SA urged to use seat to defend democracy

daJOHANNESBURG South Africas main opposition Democratic Alliance (DA) part has called on President Jacob Zumas administration to use its seat on the UN Security Council to promote human rights and defend democracy in neighbouring Zimbabwe and Africa.

South Africa, appointed by the Southern African Development Community (SADC) to mediate in the Zimbabwe crisis, was last Tuesday elected to the Security Council as one of the non-permanent members, alongside India and Brazil.

The DA, which has always been critical of Zumas stance on Zimbabwe, which it says follows the quiet diplomacy of his predecessor, Thabo Mbeki, suggested that this could be the time for Zumas ANC to right its wrongs on the Zimbabwean crisis, where President Robert Mugabe has been accused of human rights violations and failure to uphold a power-sharing pact with Prime Minister Morgan Tsvangirai.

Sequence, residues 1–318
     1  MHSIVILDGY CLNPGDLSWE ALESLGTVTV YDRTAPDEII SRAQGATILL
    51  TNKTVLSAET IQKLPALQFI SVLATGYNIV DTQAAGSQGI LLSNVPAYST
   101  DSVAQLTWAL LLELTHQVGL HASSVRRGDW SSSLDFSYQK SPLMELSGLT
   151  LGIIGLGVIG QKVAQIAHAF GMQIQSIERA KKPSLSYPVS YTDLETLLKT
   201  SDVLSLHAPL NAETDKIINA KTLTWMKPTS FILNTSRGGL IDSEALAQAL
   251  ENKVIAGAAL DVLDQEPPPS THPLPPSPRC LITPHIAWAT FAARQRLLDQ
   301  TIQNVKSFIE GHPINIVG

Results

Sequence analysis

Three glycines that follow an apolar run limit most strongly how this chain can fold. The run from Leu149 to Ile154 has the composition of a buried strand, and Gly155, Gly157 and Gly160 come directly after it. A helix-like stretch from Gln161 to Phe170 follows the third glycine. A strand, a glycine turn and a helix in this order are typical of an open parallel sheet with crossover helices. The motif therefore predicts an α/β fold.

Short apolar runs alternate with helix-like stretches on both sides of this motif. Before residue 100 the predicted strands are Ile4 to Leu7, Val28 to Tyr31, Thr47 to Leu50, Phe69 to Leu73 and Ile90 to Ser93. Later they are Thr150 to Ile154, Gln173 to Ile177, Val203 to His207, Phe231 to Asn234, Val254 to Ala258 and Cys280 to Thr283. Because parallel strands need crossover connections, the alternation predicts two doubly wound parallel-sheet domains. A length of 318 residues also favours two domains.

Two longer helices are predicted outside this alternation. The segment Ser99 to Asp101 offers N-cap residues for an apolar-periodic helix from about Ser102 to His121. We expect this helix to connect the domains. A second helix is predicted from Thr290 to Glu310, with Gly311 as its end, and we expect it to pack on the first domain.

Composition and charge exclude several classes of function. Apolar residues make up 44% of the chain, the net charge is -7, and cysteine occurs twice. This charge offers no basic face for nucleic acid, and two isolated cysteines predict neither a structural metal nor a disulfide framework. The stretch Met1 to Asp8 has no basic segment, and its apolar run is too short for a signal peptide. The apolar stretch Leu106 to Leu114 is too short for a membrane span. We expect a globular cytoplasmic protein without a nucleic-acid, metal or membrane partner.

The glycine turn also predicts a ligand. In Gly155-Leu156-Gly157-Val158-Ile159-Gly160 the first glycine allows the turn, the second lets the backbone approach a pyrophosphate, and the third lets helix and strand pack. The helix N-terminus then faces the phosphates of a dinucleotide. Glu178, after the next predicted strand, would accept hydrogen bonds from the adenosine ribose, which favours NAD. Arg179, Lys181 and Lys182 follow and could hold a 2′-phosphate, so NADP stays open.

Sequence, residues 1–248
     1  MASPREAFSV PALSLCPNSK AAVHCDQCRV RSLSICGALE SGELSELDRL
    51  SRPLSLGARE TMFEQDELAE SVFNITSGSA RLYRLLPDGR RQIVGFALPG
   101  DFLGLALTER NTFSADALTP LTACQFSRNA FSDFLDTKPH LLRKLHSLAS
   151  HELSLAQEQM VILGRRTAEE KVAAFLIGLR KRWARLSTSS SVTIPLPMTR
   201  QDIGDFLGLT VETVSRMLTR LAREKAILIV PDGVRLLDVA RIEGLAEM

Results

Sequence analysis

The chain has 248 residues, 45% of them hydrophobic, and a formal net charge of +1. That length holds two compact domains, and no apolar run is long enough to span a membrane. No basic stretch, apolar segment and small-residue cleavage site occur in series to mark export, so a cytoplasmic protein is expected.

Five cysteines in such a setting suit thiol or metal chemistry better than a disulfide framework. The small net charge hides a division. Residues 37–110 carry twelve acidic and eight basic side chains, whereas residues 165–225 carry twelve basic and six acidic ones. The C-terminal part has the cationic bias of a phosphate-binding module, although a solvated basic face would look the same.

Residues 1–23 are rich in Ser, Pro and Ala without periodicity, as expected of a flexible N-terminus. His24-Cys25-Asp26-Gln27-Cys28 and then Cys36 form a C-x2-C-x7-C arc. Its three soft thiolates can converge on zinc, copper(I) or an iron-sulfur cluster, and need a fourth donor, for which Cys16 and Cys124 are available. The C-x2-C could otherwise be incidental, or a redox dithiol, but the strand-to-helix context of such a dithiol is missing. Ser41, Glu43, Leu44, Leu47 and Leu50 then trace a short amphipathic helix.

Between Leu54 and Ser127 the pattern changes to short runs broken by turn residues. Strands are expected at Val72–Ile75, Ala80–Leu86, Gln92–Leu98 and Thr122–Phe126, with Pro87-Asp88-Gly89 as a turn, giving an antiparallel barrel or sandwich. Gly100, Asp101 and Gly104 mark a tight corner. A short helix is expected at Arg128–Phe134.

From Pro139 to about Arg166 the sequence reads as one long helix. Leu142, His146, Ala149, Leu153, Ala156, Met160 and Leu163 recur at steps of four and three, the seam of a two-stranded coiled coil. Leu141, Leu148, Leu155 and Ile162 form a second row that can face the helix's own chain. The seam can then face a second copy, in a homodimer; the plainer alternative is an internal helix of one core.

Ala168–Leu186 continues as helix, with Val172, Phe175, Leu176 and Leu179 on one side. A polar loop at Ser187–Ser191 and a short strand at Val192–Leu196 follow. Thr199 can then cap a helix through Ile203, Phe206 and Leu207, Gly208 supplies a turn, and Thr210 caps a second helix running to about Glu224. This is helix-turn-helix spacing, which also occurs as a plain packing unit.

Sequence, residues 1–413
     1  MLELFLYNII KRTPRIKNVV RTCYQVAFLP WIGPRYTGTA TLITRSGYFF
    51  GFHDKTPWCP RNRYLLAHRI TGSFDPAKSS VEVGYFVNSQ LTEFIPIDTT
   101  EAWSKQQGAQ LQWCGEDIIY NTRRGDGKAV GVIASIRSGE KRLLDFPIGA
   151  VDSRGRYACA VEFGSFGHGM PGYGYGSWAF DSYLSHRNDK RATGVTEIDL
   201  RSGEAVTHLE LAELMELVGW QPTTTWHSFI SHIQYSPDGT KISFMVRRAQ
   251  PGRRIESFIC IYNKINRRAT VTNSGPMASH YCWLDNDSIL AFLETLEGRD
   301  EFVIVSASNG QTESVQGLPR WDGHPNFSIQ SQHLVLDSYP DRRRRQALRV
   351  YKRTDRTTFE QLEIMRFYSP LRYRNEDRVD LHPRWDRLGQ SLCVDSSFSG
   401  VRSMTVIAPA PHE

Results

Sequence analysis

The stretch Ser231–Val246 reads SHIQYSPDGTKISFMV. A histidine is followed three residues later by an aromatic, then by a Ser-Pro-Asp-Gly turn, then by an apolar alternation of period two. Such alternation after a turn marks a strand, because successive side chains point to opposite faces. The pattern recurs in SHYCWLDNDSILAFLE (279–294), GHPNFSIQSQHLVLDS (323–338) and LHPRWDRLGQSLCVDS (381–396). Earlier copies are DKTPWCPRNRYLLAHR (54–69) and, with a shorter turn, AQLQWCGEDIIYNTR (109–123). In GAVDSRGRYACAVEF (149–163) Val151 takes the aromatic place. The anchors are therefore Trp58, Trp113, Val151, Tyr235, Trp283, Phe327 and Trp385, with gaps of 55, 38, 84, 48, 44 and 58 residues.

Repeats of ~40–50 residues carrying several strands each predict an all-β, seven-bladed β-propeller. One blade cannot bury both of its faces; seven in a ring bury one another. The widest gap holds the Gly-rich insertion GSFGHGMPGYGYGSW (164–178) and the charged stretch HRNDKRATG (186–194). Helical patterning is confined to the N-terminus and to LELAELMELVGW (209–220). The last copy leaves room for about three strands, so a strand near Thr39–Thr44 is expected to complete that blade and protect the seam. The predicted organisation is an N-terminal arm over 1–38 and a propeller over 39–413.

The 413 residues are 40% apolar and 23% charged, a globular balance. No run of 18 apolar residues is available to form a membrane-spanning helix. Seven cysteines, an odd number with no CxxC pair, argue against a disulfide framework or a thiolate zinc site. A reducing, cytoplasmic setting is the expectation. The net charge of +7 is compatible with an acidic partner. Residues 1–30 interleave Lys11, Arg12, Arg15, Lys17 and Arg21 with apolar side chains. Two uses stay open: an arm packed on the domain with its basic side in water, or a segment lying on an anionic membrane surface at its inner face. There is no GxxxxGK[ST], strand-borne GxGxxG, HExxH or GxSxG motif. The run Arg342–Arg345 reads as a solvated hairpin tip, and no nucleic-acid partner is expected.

The DA called on Zumas administration to follow human rights based approach in its voting patterns, adding that the countrys our last tenure on the council, during the 2007-2008 term had left a lot to be desired. This period saw the delegation appointed by the national government effectively reduce South Africas credibility, with our commitment to universal human rights being brought into question, said Kenneth Mubu, the DAs shadow minister for international relations.

South Africas past voting pattern did not paint a picture of a government that has one of the most liberal and progressive constitutional democracies in the world as, among other things, the South African delegation voted in the UN General Assembly with rogue rather than democratic governments.

He added: The South African delegation supported Iran’s attempts to evade sanctions over its widely criticised nuclear programme, which is shrouded in secrecy, by calling a 90 day time-out on the issue of Irans Nuclear activity. The South African delegation, holding to its discredited position of quiet diplomacy, also refused to place democratic reform in Zimbabwe on the councils agenda.

Post published in: Politics

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